W3C home > Mailing lists > Public > public-webapi@w3.org > March 2007

[XHR] Re: Last Call - XMLHttpRequest

From: Dan Winship <danw@novell.com>
Date: Wed, 28 Feb 2007 16:54:47 -0500
To: web API <public-webapi@w3.org>
Message-Id: <1172699687.19425.113.camel@blorple>

Here's what I found reading through the last call draft:

> readyState...
>   3 Receiving 
>       Immediately before receiving the message body (if any). All HTTP
>       headers have been received.

That description isn't quite right, since readyState is 3 *while*
receiving the message body too. Maybe:

        3 Receiving
            All HTTP headers have been received. The message body (if
            has not yet been fully received.

> a SECURITY_ERR should be raised

Where is SECURITY_ERR defined? (AFAICT the answer is "nowhere".)

> User agents MUST at least support the following list of methods (see
> [RFC2616]):
>    * GET
>    * POST
>    * HEAD
>    * PUT
>    * DELETE
>    * OPTIONS 
> ...
> When method case-insensitively matches GET, POST, HEAD, PUT or
> DELETE user agents MUST use the uppercase equivalent instead.

OPTIONS got added to the first last in the most recent draft, and should
probably be added to the second list as well for consistency.

> When url is a relative reference, it MUST be resolved using the
> current value of the baseURI attribute of the Document object
> currently associated with the Window pointer and the fragment
> identifier component, if any, MUST be dropped.

Fragments MUST be dropped on relative URLs, but not on absolute URLs???

> If data is passed to the send() method it MUST be used for the
> entity body as defined by section 7.2 of [RFC2616] The following
> rules apply:

There's a period missing between "[RFC2616]" and "The". (It's also not
clear on first reading if "data is passed to send()" is intended to
contrast with "send(null)" or "send()" with no argument. "If non-null
data is passed..." would be clearer.)

> If the response is an HTTP redirect (status code 301, 302, 303 or
> 307), then it MUST be transparently followed (unless it violates
> security, infinite loop precautions or the scheme isn't supported).
>     Note: HTTP places requirements on user agents regarding the
>     preservation of the request method and entity body during
>     redirects, and also requires users to be notified of certain kinds
>     of automatic redirections.

It's actually a stronger requirement than just notification: "the user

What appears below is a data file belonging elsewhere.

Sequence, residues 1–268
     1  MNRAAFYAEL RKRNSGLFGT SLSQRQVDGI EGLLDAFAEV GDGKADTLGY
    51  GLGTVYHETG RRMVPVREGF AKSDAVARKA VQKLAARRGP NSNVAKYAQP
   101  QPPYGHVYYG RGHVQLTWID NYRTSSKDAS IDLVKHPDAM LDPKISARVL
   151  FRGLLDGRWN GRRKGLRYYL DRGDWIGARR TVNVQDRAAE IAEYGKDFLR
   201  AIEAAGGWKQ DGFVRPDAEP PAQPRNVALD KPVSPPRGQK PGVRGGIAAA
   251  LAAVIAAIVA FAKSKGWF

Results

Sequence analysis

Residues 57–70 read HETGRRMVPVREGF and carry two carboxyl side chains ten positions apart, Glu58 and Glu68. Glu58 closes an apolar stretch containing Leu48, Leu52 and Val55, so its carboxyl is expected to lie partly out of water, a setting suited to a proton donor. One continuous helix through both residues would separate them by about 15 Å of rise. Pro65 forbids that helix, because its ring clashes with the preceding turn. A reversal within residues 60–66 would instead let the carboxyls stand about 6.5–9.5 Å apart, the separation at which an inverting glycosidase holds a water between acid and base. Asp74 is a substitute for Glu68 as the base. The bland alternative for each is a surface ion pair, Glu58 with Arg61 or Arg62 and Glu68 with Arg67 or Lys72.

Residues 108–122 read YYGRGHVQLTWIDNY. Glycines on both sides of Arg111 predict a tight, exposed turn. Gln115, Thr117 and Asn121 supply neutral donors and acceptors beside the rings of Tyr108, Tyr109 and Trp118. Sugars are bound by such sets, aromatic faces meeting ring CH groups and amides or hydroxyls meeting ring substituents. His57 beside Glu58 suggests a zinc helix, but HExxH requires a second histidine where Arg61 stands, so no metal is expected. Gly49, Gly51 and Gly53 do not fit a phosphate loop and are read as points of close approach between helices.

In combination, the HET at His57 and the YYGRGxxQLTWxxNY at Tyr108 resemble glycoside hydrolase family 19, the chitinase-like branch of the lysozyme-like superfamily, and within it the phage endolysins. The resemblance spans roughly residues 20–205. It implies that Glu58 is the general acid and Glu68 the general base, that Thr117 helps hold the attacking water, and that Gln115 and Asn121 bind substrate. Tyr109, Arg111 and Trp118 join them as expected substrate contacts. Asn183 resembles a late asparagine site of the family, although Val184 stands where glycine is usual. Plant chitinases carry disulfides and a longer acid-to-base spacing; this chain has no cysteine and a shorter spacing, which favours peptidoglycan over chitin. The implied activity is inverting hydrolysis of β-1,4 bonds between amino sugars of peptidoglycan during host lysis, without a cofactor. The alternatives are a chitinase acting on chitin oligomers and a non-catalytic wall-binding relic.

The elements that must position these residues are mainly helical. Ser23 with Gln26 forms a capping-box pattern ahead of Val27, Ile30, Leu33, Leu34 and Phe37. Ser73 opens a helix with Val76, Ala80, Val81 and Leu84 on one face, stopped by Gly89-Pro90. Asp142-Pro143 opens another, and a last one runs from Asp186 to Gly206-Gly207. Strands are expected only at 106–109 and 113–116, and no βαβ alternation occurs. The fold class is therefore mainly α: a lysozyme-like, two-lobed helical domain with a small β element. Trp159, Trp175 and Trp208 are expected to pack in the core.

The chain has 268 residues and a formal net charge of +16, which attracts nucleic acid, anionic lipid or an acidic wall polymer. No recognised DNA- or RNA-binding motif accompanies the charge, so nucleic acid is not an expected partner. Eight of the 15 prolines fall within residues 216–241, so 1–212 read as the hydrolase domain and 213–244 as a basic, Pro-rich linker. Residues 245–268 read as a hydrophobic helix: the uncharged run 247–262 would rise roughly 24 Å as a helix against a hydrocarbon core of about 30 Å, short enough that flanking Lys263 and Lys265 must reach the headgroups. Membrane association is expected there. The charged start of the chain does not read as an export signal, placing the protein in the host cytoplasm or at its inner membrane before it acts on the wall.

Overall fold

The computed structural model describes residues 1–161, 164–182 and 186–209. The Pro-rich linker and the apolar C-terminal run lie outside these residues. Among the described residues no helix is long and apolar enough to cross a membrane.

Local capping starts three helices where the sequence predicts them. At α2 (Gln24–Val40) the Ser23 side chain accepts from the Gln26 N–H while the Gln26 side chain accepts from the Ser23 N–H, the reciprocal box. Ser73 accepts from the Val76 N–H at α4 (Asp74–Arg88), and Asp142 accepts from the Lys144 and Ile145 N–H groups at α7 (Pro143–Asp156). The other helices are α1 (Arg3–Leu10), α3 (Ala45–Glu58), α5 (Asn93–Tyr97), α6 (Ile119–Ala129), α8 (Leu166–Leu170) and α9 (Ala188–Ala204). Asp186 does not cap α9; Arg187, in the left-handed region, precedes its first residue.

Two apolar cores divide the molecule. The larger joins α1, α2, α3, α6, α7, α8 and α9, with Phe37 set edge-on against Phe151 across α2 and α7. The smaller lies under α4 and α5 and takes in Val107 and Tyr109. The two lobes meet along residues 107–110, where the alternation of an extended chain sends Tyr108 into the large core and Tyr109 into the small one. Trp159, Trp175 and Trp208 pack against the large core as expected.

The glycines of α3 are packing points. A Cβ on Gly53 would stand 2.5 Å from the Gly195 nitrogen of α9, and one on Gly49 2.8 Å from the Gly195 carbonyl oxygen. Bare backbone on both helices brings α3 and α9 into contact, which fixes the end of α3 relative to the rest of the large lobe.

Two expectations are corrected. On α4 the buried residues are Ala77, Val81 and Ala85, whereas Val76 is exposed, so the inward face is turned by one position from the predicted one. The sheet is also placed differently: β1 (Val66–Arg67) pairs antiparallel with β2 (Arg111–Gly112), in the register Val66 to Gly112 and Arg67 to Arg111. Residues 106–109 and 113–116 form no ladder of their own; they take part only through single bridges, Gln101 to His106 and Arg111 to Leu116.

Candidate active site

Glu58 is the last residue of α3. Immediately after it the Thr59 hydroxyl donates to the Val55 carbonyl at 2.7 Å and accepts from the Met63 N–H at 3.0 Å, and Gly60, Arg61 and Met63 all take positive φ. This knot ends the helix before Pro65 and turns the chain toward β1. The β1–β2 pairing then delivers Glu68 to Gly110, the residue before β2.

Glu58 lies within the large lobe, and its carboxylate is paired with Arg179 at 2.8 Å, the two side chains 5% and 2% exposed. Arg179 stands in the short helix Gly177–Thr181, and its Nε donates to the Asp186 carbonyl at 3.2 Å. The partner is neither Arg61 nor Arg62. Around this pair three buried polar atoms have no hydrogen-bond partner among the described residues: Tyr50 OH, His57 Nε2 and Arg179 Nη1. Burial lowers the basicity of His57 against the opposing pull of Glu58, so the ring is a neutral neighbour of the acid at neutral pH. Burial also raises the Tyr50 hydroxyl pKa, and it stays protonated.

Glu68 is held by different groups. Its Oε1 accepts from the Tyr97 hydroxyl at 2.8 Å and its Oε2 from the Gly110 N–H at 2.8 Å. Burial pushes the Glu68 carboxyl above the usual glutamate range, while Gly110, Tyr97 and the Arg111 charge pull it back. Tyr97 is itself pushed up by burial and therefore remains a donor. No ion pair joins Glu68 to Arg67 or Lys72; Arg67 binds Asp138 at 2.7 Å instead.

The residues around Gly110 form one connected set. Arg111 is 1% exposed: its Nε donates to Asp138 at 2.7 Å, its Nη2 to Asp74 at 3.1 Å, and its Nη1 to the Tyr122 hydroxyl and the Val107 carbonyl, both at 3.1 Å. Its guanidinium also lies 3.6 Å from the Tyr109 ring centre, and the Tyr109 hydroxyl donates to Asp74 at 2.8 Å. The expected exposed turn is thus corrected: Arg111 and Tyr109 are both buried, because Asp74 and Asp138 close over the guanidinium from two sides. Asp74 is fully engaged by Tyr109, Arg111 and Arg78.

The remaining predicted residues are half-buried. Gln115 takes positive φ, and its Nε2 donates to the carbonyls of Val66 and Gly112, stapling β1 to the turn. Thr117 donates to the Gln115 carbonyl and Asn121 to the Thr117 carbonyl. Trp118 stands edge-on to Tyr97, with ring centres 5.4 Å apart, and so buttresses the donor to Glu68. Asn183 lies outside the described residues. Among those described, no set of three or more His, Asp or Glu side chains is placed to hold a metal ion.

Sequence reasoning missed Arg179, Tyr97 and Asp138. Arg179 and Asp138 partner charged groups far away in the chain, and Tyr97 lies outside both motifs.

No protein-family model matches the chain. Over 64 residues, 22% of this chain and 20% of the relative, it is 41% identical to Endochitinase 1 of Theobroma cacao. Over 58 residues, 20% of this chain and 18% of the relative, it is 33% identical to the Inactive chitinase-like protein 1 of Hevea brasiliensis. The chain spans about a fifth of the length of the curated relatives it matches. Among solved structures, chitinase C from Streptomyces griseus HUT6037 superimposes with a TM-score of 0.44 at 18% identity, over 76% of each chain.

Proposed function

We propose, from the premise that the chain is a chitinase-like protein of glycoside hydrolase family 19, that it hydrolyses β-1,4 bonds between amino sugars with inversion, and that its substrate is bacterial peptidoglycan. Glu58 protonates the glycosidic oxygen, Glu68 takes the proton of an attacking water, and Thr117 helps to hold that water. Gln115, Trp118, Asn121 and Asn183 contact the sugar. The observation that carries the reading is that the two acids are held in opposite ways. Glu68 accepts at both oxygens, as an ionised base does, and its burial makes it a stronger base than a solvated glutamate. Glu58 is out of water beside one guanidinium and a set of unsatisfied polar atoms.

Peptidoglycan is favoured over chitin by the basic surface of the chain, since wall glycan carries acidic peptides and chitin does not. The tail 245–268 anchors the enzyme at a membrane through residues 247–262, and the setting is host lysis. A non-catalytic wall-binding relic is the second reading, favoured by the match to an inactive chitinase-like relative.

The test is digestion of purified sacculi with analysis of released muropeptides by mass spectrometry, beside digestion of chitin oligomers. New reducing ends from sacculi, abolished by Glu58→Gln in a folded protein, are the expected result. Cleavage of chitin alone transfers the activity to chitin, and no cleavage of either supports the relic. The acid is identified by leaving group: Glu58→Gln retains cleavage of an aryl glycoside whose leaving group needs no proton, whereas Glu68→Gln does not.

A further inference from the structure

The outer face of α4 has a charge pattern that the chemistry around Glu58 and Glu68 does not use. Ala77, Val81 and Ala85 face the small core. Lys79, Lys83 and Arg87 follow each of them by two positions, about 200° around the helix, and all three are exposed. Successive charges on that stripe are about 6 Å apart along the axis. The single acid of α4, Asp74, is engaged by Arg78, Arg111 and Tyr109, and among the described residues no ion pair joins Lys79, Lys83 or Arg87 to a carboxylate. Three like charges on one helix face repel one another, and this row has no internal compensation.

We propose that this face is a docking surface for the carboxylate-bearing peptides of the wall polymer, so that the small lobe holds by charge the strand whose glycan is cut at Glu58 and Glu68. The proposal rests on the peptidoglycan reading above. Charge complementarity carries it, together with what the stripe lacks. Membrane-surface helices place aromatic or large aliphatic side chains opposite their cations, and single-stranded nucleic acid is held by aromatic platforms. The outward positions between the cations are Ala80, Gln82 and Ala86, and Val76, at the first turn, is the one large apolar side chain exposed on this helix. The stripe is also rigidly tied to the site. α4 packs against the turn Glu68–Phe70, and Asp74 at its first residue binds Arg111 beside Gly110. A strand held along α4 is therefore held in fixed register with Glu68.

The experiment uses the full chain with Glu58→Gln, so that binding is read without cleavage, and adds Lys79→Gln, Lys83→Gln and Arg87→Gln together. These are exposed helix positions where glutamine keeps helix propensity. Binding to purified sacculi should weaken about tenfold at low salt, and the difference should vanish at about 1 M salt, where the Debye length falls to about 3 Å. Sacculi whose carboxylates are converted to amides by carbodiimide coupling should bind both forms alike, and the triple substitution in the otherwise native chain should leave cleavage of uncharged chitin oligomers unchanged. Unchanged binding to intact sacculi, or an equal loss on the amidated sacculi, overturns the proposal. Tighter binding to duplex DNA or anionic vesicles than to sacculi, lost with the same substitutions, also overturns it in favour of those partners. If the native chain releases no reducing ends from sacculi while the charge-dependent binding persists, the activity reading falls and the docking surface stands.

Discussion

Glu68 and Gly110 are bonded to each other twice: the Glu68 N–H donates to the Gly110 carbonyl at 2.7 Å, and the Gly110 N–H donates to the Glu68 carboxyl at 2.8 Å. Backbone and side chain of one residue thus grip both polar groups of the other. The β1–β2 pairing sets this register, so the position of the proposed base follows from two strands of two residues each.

agent MUST NOT automatically redirect the request unless it can be
confirmed by the user". Might be better to let the implementation just
not follow the redirect in this case:

        If the response is an HTTP redirect (status code 301, 302, 303
        or 307), then it MUST be transparently followed (unless doing so
        would violate a requirement or recommendation of this
        specification or [RFC2616]).

or something.

> If something goes wrong [during send] (infinite loop, network errors)
> the state MUST be set to loaded... In addition, all registered event
> listeners MUST be removed.

> When invoked, this method [abort] MUST cancel any network activity for
> which the object is responsible and set all the members of the object
> to their initial values as well as removing all event listeners.

Does the onreadystatechange listener get invoked in these two cases? An
implementation that performed the actions in the order written (change
state first, remove event listeners last) would cause the listener to
be invoked, but nothing says that the implementation has to do it in
that order, which seems to make this implementation-defined.

> HTTP requests sent from multiple different XMLHttpRequest objects in
> succession SHOULD use a shared HTTP connection.

How does this deserve an RFC2119 "SHOULD" ("the full implications must
be understood and carefully weighed before choosing a different
course.") And why does it only talk about requests from *different* XHR
objects? What about multiple requests from the same object? If you're
going to say anything here, just say "Implementations SHOULD NOT suck"
and be done with it. ;-)

-- Dan
Received on Thursday, 1 March 2007 21:51:44 UTC

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